Is True Crime Ethical?

People find true crime so fascinating because it allows us as an audience to attempt to solve the problem, and we become actively involved throughout the course of the story. True crime reading, watching, and listening provides us with plenty of opportunities for which our minds naturally come up with answers to the issues. But, the utilization of true crime stories for entertainment is unethical because it exploits victims and their families while making a profit off of violent, tragic stories.

Although producers argue that true crime helps bring about justice for victims and teaches people important lessons, some true crime story creators distort the truth to gain more viewers and profit off of the misery of others. The new Netflix documentary, Monster: The Jeffrey Dahmer Story, is an example of profiting off of the victims and their misery by utilizing a celebrity to portray the offender for viewer count. This strategy has shown success for the creators, as true crime is one of the most watched genres on Netflix, as of 2022. In her article, Shivani Dubey examines Netflix true crime statistics: “Between July 2020 and March 2021, Netflix released 18 true crime related shows – and that number has only increased since”.As true crime is one of the fastest-growing entertainment genres among younger generations, it raises a number of ethical concerns. Netflix, in particular,  has faced backlash concerning the ethics surrounding their Jeffrey Dahmer documentary.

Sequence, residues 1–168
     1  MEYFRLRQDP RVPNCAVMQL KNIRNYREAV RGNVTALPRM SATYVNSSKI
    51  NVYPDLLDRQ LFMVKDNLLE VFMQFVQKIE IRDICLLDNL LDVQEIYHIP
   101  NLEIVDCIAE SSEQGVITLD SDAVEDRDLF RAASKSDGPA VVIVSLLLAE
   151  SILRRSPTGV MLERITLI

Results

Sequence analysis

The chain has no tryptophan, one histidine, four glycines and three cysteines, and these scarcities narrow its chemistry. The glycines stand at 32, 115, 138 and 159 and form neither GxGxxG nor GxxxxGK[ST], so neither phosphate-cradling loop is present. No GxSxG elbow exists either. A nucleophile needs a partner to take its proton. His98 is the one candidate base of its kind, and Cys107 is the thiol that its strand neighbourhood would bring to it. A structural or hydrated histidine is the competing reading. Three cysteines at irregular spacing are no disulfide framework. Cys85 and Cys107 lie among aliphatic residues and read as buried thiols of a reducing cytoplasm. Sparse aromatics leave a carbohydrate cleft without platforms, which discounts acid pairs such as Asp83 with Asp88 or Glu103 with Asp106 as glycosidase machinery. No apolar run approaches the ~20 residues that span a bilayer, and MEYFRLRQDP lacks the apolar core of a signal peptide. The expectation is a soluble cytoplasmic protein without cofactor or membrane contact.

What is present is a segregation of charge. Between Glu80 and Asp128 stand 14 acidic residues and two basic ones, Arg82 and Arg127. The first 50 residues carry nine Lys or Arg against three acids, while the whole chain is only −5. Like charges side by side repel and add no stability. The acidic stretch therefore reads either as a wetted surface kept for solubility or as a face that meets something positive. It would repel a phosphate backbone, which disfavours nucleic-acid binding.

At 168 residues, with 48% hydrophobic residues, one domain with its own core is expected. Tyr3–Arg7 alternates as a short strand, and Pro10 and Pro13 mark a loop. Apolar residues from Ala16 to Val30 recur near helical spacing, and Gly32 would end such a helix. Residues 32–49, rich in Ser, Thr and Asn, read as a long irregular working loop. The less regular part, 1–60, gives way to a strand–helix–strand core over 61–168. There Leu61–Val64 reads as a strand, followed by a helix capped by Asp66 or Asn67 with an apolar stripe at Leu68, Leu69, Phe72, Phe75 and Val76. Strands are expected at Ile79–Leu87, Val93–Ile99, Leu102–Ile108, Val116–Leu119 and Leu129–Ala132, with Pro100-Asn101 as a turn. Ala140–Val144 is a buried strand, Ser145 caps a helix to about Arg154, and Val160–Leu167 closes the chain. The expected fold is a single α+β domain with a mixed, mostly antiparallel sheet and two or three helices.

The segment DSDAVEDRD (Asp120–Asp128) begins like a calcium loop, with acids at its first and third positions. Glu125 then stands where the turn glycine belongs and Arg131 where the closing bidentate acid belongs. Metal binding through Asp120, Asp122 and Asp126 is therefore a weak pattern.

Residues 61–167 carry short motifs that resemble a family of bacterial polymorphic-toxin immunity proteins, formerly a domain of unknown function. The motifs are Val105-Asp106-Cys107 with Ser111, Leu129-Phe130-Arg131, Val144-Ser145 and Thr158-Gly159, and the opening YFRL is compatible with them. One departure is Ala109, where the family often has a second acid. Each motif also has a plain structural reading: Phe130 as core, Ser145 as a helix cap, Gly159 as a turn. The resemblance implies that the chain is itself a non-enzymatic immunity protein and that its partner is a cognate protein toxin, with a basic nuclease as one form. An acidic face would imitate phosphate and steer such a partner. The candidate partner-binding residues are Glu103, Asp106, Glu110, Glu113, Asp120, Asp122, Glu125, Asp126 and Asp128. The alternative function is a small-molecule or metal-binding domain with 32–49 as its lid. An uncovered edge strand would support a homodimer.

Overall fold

True crime ethics have become a more significant issue as the entertainment industry produces more non-fictional material. This issue depends on a number of factors, including the case and the producers’ goal. Along the true crime continuum, every story develops differently. Oftentimes the first step in a case is a 911 call or report of a missing individual. If the case is deemed interesting enough, local news outlets will report on it, and minor crimes such as vandalism are recorded by the local police. However, these miniscule crimes lack the cinematic appeal that news outlets seek. In cases of more serious infractions, news organizations will forward the story to their parent company in which investigative reporters may take up the story from there. The most read headlines eventually become movies, documentaries, or mini-series. As they say, if it bleeds, it leads.

It’s difficult to navigate the ethical landscape of true crime. While some violent movies are solely intended to amuse popcorn-eating horror aficionados, others watch true crime to gain a fresh perspective on a contentious case. It’s crucial to remember that these stories are about real individuals. While Netflix is not breaking laws by producing content based on true stories, true crime ethics are often considered a grey area.When creators start utilizing these violent stories for views, true crime becomes unethical.  Highlighting entertainment and profit rather than the factual side of the tragedy and distorting facts becomes an unethical attempt to gain more cinematic appeal.